Council tackles Twinning troubles

Campbell River Twinning Society seeks funding assistance from City after gaming grant pulled

City council will consider helping the city’s Twinning Society which is threatening to dissolve due to a lack of funding.

After having its gaming funding cut by the province, society president David Armitage said the non-profit is in jeopardy of folding.

“If the Campbell River Twinning Society is not able to secure sustainable operational funding, the executive will have no choice but to make the recommendation in 2015 to dissolve the society and turn the management and operations of the sister city relations over to the city,” Armitage said.

The society, which initiates exchanges with Campbell River’s Japanese sister city, Ishikari, asked council earlier this week for $7,500 on an annual basis. The Twinning Society is also asking council to recognize the sister city relationship as a core service within the legislative services division of city hall.

At Tuesday’s council meeting, Coun. Charlie Cornfield made a motion (which was approved by council) to refer that request to council’s upcoming budget planning sessions which take place Feb. 23-25 and Feb. 27.

“I would like to consider that, but I think it needs to be considered in the context of the whole budget,” Cornfield said.

The motion was made and voted on after Mayor Andy Adams recused himself, declaring a conflict of interest because of his past involvement with the Twinning Society.

Adams has recently stepped down as president and from the board of the society, but while serving as president in 2014 he explained, in the society’s annual report, the difficulty the Twinning Society was facing.

“If future funding cannot be developed, such as provincial gaming funds, then the future of the Twinning Society and all of its programs will be in jeopardy as other community funding is directly tied to an organization’s ability to acquire supplementary funding,” Adams said. “As funds diminish, (the society) will slowly be unable to continue as a society. Our financial future outlook is bleak is we cannot regain our gaming funds to continue our community programs and cultural events offered to Campbell River’s citizens.”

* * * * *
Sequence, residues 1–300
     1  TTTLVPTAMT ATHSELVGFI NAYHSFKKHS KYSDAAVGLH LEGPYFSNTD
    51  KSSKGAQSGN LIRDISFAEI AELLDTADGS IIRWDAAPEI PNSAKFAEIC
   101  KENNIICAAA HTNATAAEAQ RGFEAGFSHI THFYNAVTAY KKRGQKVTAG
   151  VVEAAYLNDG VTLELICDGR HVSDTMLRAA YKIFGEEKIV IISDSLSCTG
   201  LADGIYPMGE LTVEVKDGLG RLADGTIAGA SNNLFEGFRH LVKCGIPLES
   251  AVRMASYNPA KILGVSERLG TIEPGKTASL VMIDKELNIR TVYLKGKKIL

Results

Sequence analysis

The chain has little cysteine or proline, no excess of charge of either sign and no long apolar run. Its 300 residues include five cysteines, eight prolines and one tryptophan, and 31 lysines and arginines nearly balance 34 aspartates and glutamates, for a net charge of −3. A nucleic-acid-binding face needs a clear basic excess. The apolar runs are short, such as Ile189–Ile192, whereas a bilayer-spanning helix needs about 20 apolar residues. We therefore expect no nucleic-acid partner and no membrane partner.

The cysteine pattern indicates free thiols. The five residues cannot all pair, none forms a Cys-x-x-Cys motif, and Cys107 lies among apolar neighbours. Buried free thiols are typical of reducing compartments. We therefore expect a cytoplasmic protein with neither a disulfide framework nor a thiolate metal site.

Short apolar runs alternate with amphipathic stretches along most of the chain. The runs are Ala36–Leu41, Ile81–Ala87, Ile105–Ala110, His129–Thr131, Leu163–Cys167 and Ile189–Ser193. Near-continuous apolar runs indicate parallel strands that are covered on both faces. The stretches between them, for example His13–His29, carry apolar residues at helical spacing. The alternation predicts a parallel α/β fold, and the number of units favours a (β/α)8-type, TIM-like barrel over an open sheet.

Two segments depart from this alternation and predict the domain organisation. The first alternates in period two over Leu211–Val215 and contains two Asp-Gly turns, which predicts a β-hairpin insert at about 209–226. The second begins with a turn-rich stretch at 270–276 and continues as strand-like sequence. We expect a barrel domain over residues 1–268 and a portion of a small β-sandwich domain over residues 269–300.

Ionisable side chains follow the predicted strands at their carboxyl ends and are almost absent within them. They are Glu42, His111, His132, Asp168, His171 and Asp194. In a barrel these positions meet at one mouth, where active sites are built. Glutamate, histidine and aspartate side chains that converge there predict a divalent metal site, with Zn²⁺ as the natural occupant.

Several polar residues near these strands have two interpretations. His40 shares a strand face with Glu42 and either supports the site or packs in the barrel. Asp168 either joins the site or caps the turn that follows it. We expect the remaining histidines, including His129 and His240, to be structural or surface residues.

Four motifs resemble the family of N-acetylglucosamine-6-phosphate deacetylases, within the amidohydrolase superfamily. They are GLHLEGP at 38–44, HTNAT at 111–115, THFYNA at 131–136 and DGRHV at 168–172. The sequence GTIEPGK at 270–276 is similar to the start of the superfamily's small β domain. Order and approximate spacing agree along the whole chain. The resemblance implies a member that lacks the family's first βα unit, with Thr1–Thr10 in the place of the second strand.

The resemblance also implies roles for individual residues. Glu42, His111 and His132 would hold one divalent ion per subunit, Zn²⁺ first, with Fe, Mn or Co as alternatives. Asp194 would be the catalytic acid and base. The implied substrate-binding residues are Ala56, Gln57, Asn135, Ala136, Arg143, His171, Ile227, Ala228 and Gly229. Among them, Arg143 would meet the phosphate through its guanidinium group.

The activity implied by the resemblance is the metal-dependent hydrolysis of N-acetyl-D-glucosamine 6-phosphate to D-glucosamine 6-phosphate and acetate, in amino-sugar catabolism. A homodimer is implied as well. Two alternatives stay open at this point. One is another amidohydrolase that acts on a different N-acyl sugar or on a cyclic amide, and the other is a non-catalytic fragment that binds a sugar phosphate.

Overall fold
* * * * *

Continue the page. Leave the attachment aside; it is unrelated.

The society used to receive $5,000 from the province but changes to the provincial gaming grant criteria reduced funding to the Twinning Society to $3,333 in 2011 and $0 in 2012, 2013 and 2014.

The Campbell River Twinning Society has helped more than 850 people cross the Pacific as part of the Campbell River/Ishikari exchange program since the sister city bond was established in 1983.

Each year, high school students from both cities participate in a year-long exchange and in the spring, the Young Ambassador program facilitates 10-day, chaperoned exchanges for elementary and middle school students.

The orange torii gate in Sequoia Park, across from the Museum, is a symbol of the city’s bond with Ishikari and was gifted to Campbell River from Ishikari delegates to mark the 10-year anniversary of the sister city agreement.